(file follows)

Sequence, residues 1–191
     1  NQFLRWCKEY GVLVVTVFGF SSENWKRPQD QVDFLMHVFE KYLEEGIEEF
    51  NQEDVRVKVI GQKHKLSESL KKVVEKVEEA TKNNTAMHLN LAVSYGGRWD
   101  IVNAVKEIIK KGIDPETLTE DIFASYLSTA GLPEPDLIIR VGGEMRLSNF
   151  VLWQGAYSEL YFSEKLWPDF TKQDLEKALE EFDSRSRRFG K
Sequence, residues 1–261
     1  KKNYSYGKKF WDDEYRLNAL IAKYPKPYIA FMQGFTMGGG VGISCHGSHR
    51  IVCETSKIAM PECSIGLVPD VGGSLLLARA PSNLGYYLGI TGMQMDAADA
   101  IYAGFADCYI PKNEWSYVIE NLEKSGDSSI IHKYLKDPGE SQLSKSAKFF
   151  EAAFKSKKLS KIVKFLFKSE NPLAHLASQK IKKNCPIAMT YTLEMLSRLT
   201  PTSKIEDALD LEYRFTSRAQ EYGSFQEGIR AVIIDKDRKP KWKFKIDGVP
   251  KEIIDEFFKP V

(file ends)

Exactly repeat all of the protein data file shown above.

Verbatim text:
Sequence, residues 1–191
     1  NQFLRWCKEY GVLVVTVFGF SSENWKRPQD QVDFLMHVFE KYLEEGIEEF
    51  NQEDVRVKVI GQKHKLSESL KKVVEKVEEA TKNNTAMHLN LAVSYGGRWD
   101  IVNAVKEIIK KGIDPETLTE DIFASYLSTA GLPEPDLIIR VGGEMRLSNF
   151  VLWQGAYSEL YFSEKLWPDF TKQDLEKALE EFDSRSRRFG K
Sequence, residues 1–261
     1  KKNYSYGKKF WDDEYRLNAL IAKYPKPYIA FMQGFTMGGG VGISCHGSHR
    51  IVCETSKIAM PECSIGLVPD VGGSLLLARA PSNLGYYLGI TGMQMDAADA
   101  IYAGFADCYI PKNEWSYVIE NLEKSGDSSI IHKYLKDPGE SQLSKSAKFF
   151  EAAFKSKKLS KIVKFLFKSE NPLAHLASQK IKKNCPIAMT YTLEMLSRLT
   201  PTSKIEDALD LEYRFTSRAQ EYGSFQEGIR AVIIDKDRKP KWKFKIDGVP
   251  KEIIDEFFKP V